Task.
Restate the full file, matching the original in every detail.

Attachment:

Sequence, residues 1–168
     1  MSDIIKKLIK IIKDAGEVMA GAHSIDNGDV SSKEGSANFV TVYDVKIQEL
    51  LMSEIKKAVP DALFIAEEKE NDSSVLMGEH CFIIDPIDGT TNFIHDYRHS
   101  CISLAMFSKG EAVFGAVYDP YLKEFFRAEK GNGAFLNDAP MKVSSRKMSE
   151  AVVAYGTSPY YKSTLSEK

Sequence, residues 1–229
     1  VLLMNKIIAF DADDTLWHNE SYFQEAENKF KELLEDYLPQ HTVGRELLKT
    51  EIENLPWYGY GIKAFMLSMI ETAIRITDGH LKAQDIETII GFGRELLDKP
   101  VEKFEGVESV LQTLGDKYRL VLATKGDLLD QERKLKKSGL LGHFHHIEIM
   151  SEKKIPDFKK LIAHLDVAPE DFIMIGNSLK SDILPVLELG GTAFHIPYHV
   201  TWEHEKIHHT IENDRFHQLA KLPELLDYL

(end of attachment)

Sequence, residues 1–168
     1  MSDIIKKLIK IIKDAGEVMA GAHSIDNGDV SSKEGSANFV TVYDVKIQEL
    51  LMSEIKKAVP DALFIAEEKE NDSSVLMGEH CFIIDPIDGT TNFIHDYRHS
   101  CISLAMFSKG EAVFGAVYDP YLKEFFRAEK GNGAFLNDAP MKVSSRKMSE
   151  AVVAYGTSPY YKSTLSEK

Sequence, residues 1–229
     1  VLLMNKIIAF DADDTLWHNE SYFQEAENKF KELLEDYLPQ HTVGRELLKT
    51  EIENLPWYGY GIKAFMLSMI ETAIRITDGH LKAQDIETII GFGRELLDKP
   101  VEKFEGVESV LQTLGDKYRL VLATKGDLLD QERKLKKSGL LGHFHHIEIM
   151  SEKKIPDFKK LIAHLDVAPE DFIMIGNSLK SDILPVLELG GTAFHIPYHV
   201  TWEHEKIHHT IENDRFHQLA KLPELLDYL